“We expect to eat and stay thin, to be constantly on the move and ever more neighborly … to revere God and to be God.”
Daniel J. Boorstin, The Image
There was an old chestnut some of the teachers at my elementary school used to pull out every few years. It was the story of Acirema, a land far away where doctors stuck needles into patients to “cure” them and children were forced to sit in dark buildings for eight hours a day, even when the sun was shining. The Acirema ate soft, mealy foods and had huge, dangerous weapons that they rode around on and that ran on a noxious tincture made of decayed animals. Boy, you’d say as a wee one. That place sucked. Then Ms. Kuhn, the ex-hippie who couldn’t believe she ended up with a mortgage and a drunk for a husband, would ask us kids to reverse the letters.
She was talking about America, not some barbaric nether-world. Whoa.
Unfortunately, Mark Hertsgaard, who never got the punch line, spent six months after September 11, 2001, on the trail of Acirema instead of America. He asked folks in all those crazy countries out in Europe (Western, Central and Eastern), the Middle East, and Asia what they thought of the barbaric land across the sea. The reviews were mixed, but his book, The Eagle’s Shadow is a strong piece of journalism that seems to spin its wheels and ultimately disappoints.
Hertsgaard, who teachers non-fiction at the Berkeley School of Journalism, writes from the vantage of a world traveler, touching down in Durban, Prague, and Madrid and asking a few basic questions: What do you think of your fat, jolly, gun-happy, rich uncle to the West? Do you like him? Do you hate him? Why? The answers are simple. Hertsgaard lands like a Martian in the middle of the Arab street or downtown Prague and starts interrogating the locals. The locals respond, depending on the relative prosperity of their nations, with varying degrees of awe and anger. To some America is the place to be. To others, its a bossy, parochial, domineering bull. It’s fat and lazy, but then aren’t we all, ultimately. They like a good meal in Durban as much as they do in Dubuque, and everybody wants to drive a Mercedes.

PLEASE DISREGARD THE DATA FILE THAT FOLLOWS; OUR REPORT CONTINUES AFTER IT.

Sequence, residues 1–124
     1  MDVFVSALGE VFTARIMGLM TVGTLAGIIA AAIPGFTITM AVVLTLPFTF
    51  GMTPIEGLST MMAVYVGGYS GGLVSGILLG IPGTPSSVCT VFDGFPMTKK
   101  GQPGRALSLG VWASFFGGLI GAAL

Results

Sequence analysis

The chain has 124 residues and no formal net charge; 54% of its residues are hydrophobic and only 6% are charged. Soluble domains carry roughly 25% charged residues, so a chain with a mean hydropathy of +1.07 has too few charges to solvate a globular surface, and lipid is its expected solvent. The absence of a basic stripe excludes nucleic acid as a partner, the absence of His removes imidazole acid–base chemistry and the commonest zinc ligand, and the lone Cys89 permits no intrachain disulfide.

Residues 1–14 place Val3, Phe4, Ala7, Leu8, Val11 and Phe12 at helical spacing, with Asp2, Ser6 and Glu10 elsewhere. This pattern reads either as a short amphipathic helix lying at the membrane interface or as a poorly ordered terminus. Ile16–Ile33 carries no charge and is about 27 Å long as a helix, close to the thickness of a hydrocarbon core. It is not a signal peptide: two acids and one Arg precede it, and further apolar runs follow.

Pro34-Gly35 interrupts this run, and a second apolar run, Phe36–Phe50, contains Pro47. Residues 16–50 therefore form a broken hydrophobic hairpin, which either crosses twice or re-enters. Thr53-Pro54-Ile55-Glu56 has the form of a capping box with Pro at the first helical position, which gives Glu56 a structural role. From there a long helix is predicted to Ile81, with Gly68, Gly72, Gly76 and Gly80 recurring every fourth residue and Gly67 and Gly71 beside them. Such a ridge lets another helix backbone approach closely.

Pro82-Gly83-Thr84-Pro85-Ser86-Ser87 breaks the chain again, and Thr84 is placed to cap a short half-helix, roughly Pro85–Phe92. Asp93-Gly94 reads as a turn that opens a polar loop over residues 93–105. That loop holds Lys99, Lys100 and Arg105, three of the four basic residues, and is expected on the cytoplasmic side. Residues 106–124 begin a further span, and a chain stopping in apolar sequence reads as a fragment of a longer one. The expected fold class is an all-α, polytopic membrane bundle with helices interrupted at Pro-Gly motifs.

But as is the case in many well-meaning travelogues, the dynamic is changed by the very presence of the reporter. Hertsgaard is putting folks on the spot, making them decide about something they probably rarely think about. Sure, they liked DiCaprio in Titanic, but China has its own problems. The thought that they have nice SUVs in Montana doesn’t really come into play when trying to find enough to eat in Zimbabwe. Then again, the thought that a Hungarian writer was recently given the Nobel for Literature doesn’t really interest the lads in Brooklyn fighting over parking spaces. In the end, Hertsgaard is wading into a torrent against the current. He’s missing a hell of a lot because the water is rushing around him faster than he can drink.
His idea is also flawed because he is really just writing about himself. Do you like me, he asks. Am I too fat? Am I too dangerous? He wraps the questions in the interest of journalistic exploration, but he’s really just asking himself if he shouldn’t move to Paris because of the great bread, and whether they would serve him at the corner bistro in spite of his status as “Ugly American.”
“It’s easy for Americans to forget: we live in a land of freedom, but many people in the world do not,” he writes in a chapter entitled “Taking Freedom for Granted.” Pretty powerful commentary. He writes as if he wonders how anyone could take issue with the U.S. and then tries to get the basic criticism out of the way, as if we could roll up our sleeves and tackle our problems with some Trim Spa and a little cash. The problems here are deeper than that, as are everyone else’s. The questions he asks have easy answers. Yes, America is fat. Yes, America is violent. Yes, America is bad/good/rich/unjust/beautiful/ugly/powerful. But so is Germany. So is Egypt. So is Russia. And each plays as an important part on the world stage as the U.S.
Admittedly, Hertsgaard is a good sport. He drops a few lines near the end of the book apologizing for the book’s inadequacies and that’s what saved this one for me. But Hertsgaard claims to be writing with the curious seeker in mind. He targets this book, in the last chapter, at those who might want a better understanding of his nation, both at home and abroad. A valiant goal. However, he admits that people in many countries are not free. How then are they supposed to read his book? Maybe we can drop it in with psy-ops pamphlets over Iraq, North Korea, and, most importantly, besieged downtown Denver and Detroit? Maybe a few folks in Midwest America will look up from their 99-cent value meals and Big Gulps and take a second look at this nation that is slowly and inevitably losing its lead-dog status.